In this episode Kwasi brings back Dutty Bookman to discuss the movement he has helped dub as the Reggae Revival after a panel at SXSW 2027. He also speaks to Koro Fyah of the Bevel Rock camp about his ABC’s at SXSW as well. Bomani interviews the founder of the Uganda’s Bavubuka Foundation, Babaluku, and their chief archivist Gilbert Daniels about Hip-Hop in Uganda and the Lugaflow movement. Bomani and Kwasi also discuss spirituality in independent music, and how the community discusses things like sin. A must listen!
Have you ever walked into a room full of 20 suburban white kids from a church youth group and said “Hey, let’s write a hip-hop song!”? No? You don’t know what you’re missing. For the past year I’ve had the pleasure of working closely with organizations in a new 2 hour song writing workshop I’ve developed, that takes the mission statements and learning experiences of young people, and explore it through the lens of hip-hop rhymes.
Why a song? It has all the educational affects of a 5 paragraph essay, with 800% more fun and a million times more memorable (give or take a couple hundred percent, my math can be fishy). When it comes to writing rhymes in my class there only a few simple guide lines. First and foremost, the only wrong answer is a blank answer. This is creative writing, a statement of each participants personal opinion and perspective. To be successful in this class you just need to have opinions and perspectives, and be willing to write them down. If that doesn’t prod the students into writing (and it almost always does), the next guideline does. Mispronunciation and bad grammar are encouraged! To fit a great line onto a four count of rhythm, sometimes words need to be stretched, prepositions deleted, and verbs left uncongigated. No worries for the grammar police though, before any rhyme is written, the ideas for the songs are written in complete sentences using as many adjectives and visual language as possible. The more words in a sentence, the more words you have to choose from to remix them into hip-hop lyrics.
The average high school kid has learned to do the bare minimum required writing, following the essay form that they’ve had drilled into them for the previous 8 years. But in a flash this whole scenario is changed, and the most timid writing novice is now searching for adjectives, rhyme words and counting bars to make sure they have an even 4 or 8. Using incredibly easy writing prompts and exercises, by the time we are 20 minutes into the session I have 3 or 4 volunteers ready to spit their hot 8 bar remix to a popular radio track, introducing themselves to the rest of the class. In no time, the class has been successfully turned into a concert venue. Or when a student didn’t have the rhythm or nerve to say their rhyme to the beat, a poetry spot, complete with the finger snaps.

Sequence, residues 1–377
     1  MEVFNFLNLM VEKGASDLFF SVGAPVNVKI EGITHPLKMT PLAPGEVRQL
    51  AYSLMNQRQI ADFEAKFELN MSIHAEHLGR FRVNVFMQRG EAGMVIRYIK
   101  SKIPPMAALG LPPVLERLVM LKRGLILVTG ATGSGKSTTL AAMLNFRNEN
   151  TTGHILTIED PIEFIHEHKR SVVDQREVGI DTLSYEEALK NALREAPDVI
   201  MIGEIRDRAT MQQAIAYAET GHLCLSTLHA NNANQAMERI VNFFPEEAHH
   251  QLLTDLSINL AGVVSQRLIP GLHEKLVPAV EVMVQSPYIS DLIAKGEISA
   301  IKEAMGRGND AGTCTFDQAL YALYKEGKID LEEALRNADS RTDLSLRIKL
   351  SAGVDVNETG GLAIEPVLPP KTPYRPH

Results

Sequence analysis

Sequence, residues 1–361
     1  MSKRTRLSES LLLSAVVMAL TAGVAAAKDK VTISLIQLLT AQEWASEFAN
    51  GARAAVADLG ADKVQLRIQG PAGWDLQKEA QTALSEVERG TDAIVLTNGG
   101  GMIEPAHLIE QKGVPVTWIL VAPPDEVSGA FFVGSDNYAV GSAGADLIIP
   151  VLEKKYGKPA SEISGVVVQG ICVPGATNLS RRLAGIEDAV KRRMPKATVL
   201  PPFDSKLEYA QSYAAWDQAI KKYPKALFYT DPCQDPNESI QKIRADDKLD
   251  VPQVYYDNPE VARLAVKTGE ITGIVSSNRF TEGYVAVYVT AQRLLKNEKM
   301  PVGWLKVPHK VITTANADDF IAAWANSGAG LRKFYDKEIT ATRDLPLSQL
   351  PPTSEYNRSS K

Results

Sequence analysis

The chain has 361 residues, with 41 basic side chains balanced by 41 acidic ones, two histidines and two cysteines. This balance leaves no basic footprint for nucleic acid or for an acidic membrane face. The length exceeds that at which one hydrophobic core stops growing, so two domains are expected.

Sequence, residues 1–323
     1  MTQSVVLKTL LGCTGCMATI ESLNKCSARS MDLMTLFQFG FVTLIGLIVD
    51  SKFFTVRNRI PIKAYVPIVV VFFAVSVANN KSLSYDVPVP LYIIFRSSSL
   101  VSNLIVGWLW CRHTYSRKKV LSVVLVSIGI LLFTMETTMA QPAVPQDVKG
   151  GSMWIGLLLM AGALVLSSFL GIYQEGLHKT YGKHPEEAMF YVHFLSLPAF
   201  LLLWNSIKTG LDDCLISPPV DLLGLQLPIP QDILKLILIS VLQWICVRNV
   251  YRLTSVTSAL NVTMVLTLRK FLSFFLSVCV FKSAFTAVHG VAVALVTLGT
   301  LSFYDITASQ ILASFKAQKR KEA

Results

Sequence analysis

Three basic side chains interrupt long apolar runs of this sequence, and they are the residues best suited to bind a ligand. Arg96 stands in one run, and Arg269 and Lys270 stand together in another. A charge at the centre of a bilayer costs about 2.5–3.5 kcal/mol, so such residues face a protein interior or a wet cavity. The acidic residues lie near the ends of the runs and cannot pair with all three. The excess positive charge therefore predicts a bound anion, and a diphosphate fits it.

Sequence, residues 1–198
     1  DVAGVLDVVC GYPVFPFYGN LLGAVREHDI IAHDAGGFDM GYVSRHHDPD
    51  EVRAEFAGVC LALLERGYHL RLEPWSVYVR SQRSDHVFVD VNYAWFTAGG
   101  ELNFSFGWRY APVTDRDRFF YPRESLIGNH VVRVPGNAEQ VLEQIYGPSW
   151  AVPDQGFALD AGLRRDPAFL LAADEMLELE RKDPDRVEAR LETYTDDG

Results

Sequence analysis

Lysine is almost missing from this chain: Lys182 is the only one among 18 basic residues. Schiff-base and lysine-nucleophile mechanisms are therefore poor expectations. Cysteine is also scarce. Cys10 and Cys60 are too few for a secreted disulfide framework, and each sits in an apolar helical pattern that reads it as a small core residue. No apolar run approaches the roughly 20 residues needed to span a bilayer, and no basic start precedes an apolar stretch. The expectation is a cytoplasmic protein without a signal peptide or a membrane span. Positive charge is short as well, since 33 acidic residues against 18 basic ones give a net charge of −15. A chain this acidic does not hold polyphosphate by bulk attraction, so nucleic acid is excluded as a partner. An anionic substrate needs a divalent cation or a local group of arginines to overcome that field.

There are so many academic benefits to learning the art of songwriting in a group setting like this.
- Brainstorming -Students are encouraged to write down and toss out their ideas against the wall to see what sticks. I’m always suprised at how many students are uncomfortable with brainstorming, the cornerstone of any innovative and successful business. This is a way to get use to this critical skill.
- Thesis – I don’t know if you’ve ever noticed, but the chorus of a good song, is just like a good opening paragraph with a great thesis statement. Our first task after writing down all the things students have learned about a subject, is boil it down to a sentence that encapsulates the entire idea.
- Supporting Facts – After the thesis is discovered, students break down the rest of the information into 3 supporting arguments, that eventually turn into the veres of the song. Once again, the song structure young people are so use to singing along with is revealed as a great way to organize thoughts and present them in a coherent manner.
- Teamwork – In a room full of novice writers, writing a song about a newly introduced subject, being able to lean on your classmates is a crucial skill, made all the more fun by rhyming.
- Public Speaking – With the help of the other 20 students in each class, the song is recited as a whole. It’s thrilling to watch young people who started the session shy and unsure, now nodding their heads and laughing with their friends while performing their newly formed rhyme at the top of their lungs. Knowing that careful planning and preparation can make for a fun and almost flawless presentation is a key element to being a great public speaker.
The young people I worked with Friday had specifically come to Capital Hill to learn more about poverty and homelessness in the U.S., and discuss strategies and solutions. They had visited a with day workers and discussed the hardships and the constant ebb and flow of such a insecure job. They had listened to lectures from former homeless and homeless advocates, admonishing them to do what they can to help their fellow man. So for a few hours, right after lunch, our job together was to turn all those new learning experiences into a song. I had a great time, and by the looks on their faces and the excitement in their voices, it was obvious they thoroughly enjoyed the session as well. I doubt if any of them are seriously going to take this experience as a launch for a lucrative hip-hop career, but they certainly learned something about themselves, and how to make positive statement in the world. You can’t ask for much else!